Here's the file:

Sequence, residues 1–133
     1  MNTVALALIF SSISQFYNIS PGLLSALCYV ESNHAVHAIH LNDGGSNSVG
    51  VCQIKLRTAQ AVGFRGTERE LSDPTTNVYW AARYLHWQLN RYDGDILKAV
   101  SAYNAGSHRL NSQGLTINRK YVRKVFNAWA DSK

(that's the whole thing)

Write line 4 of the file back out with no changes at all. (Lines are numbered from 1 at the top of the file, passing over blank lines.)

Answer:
   101  SAYNAGSHRL NSQGLTINRK YVRKVFNAWA DSK